Gone was the immature midshipman with five Black Ns at the Academy. Lt. Cmdr. McClusky deduced the Japanese carriers were now zigging instead of zagging and changed his course. At 9:55 a.m., he spied a single Japanese warship at full speed heading northeast. McClusky changed course to follow the destroyer’s course, and at 10:05 a.m., “that decision paid dividends,” McClusky wrote in his report. Through his binoculars that “were practically glued to my eyes,” he saw the Japanese carrier striking force.
The rest is history. At 10:22 a.m., McClusky and his squadrons started their attack approach, and within two minutes, both of the Japanese carriers, with their decks full of planes being refueled and re-armed, were ablaze and sinking. A squadron that launched after McClusky’s group hit the third carrier, also sinking it. By the end of the next day the fourth Japanese carrier was also sent to the bottom and so began the long and bloody retreat of the Japanese military in World War II.
At the June 4, 2014 Battle of Midway celebration held at the U.S. Navy Memorial in Washington D.C., Vice Chief of Naval Operations Admiral Mark Ferguson, discussing the leadership of all Midway’s heroes, noted “Fortunately, history has shown in our darkest hours, leaders emerge.”
“The victory at Midway teaches us many lessons – preparation, decisive action, the power of intelligence, trust in commanders, and of course, the necessity of good fortune,” Ferguson said in his remarks. “But it teaches us more about the spirit of the American Sailor – bold, decisive and fearless in the face of adversity.”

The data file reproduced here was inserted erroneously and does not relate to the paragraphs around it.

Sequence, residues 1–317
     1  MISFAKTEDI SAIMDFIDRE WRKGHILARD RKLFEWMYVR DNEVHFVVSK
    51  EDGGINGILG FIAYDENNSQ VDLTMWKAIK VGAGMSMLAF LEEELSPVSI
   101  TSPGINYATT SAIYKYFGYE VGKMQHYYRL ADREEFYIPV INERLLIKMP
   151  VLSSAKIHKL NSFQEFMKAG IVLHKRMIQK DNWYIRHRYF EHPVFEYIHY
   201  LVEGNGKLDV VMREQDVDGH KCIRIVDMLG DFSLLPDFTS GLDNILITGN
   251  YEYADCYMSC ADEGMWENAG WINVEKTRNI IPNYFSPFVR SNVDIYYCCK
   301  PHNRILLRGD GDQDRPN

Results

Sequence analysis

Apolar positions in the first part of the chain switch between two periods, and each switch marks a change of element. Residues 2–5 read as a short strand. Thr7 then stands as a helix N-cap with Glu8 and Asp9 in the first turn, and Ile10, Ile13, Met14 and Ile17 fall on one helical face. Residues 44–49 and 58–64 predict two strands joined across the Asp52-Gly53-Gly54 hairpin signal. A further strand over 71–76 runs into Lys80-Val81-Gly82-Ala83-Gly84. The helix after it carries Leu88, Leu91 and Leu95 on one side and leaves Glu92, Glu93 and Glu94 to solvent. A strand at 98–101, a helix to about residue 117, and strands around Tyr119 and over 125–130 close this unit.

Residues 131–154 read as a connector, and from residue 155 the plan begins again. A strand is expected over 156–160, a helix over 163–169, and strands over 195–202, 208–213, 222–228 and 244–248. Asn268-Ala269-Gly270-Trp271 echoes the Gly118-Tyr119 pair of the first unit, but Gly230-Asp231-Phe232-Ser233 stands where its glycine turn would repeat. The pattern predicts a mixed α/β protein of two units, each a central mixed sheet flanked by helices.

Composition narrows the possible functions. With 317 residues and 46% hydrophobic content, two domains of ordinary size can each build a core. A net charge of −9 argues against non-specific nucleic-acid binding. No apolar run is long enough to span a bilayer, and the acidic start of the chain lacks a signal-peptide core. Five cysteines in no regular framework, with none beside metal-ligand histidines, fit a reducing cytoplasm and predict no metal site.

It is while honoring the battles and leaders of the past that “we remind ourselves again that leadership matters,” Ferguson said.
While a tip from his intelligence community about Midway being targeted by the Japanese Imperial Navy may have given Adm. Nimitz one advantage, Ferguson said the Admiral’s “greater advantage was his trust in his commanders and staff. And he never, ever, lost his belief in the strength of the U.S. Navy when fighting at sea.”
Ferguson went on to say that Sailors of today’s Navy are inspired by and have accepted the gift of leadership at sea from those who preceded them, like Barry and McClusky.
“We recognize security and stability are forged at sea, and trust and skill must be built in waters far from home, “said Ferguson. “We continue to remind ourselves that others have indeed faced far greater challenges and have emerged with their honor and victory.”
“I believe the historian Walter Lord said it best when he wrote, ‘Even against the greatest odds, there is something in the human spirit, a magic blend of skill, of faith and valor that can lift men from certain defeat to incredible victory.’”